The 20-year-old melted hearts when she burst into sobs as boos rang out following her emphatic 6-2, 6-4 thrashing of Williams in a controversial New York final a little over a week ago, AFP reported.
But Osaka refused to blame her childhood idol, who called chair umpire Carlos Ramos a "thief" in an astonishing rant triggered by a code violation for coaching that culminated in a docked game.
"I feel like there was just a lot of emotions," Osaka said in Tokyo on Monday.
"I couldn't really pinpoint it at the time, I just felt very overwhelmed."
The row that erupted between Williams and Ramos polarized opinion and sparked a debate about sexism in tennis after the American fumed that the umpire would not have treated a male player in the same fashion.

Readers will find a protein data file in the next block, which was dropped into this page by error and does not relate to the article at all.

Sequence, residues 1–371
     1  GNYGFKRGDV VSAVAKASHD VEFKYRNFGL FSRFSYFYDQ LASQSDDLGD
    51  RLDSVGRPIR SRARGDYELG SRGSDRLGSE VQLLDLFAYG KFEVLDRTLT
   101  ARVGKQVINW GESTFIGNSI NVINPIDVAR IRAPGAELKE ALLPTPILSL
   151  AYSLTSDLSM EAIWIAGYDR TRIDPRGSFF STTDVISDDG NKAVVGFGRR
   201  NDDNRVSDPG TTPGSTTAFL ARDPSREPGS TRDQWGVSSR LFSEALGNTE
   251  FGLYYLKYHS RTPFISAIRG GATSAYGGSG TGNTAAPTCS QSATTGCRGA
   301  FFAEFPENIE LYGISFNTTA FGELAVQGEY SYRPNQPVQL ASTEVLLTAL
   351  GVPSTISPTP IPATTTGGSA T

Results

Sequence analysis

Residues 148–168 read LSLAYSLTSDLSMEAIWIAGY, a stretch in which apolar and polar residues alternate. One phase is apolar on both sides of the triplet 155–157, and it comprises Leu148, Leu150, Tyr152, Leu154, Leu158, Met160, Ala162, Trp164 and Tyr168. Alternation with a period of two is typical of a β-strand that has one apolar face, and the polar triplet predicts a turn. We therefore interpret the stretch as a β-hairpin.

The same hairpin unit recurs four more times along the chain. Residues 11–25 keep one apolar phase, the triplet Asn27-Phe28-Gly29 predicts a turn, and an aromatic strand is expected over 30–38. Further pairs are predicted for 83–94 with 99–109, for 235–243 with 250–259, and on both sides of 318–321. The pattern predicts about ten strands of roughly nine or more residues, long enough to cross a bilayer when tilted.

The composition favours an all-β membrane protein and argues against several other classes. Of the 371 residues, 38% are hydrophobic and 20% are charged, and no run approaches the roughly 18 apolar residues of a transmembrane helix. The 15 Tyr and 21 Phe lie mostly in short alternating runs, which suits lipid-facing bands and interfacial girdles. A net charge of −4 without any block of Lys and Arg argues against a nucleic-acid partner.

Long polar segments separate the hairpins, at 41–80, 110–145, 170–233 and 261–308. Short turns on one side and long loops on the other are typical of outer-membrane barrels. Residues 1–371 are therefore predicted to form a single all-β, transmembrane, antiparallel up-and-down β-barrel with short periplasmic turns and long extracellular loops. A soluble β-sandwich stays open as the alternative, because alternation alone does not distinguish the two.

Osaka has stayed above the fray since becoming Japan's first Grand Slam singles champion but her tears at the trophy presentation provoked an outpouring of sympathy.
"I'm grateful that people care or sympathize but I don't really think there was anything to be sad about," said Osaka, who has risen from 19th to seventh in the new world rankings.
"I don't feel like I would've liked to savor the moment more – I think I do things my own way and everyone is different in their own way so I don't really have any regrets."